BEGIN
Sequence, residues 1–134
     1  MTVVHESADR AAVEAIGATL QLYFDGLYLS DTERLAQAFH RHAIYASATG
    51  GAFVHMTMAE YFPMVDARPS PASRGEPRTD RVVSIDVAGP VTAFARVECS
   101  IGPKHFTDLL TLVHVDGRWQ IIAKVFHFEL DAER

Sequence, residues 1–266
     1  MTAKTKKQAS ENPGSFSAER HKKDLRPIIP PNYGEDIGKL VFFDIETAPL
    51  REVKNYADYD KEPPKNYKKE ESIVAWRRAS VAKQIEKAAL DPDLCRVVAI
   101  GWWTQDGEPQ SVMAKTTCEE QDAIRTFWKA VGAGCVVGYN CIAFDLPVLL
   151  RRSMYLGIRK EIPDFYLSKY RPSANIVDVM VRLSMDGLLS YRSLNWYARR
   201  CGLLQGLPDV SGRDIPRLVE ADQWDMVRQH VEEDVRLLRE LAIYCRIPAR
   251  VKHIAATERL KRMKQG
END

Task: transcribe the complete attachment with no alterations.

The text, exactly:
Sequence, residues 1–134
     1  MTVVHESADR AAVEAIGATL QLYFDGLYLS DTERLAQAFH RHAIYASATG
    51  GAFVHMTMAE YFPMVDARPS PASRGEPRTD RVVSIDVAGP VTAFARVECS
   101  IGPKHFTDLL TLVHVDGRWQ IIAKVFHFEL DAER

Sequence, residues 1–266
     1  MTAKTKKQAS ENPGSFSAER HKKDLRPIIP PNYGEDIGKL VFFDIETAPL
    51  REVKNYADYD KEPPKNYKKE ESIVAWRRAS VAKQIEKAAL DPDLCRVVAI
   101  GWWTQDGEPQ SVMAKTTCEE QDAIRTFWKA VGAGCVVGYN CIAFDLPVLL
   151  RRSMYLGIRK EIPDFYLSKY RPSANIVDVM VRLSMDGLLS YRSLNWYARR
   201  CGLLQGLPDV SGRDIPRLVE ADQWDMVRQH VEEDVRLLRE LAIYCRIPAR
   251  VKHIAATERL KRMKQG